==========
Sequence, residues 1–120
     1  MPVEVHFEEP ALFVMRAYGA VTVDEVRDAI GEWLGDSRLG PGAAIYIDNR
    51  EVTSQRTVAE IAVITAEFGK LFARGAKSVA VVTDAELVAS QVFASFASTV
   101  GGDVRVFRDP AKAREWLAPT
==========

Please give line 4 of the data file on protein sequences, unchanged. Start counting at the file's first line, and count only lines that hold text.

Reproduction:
   101  GGDVRVFRDP AKAREWLAPT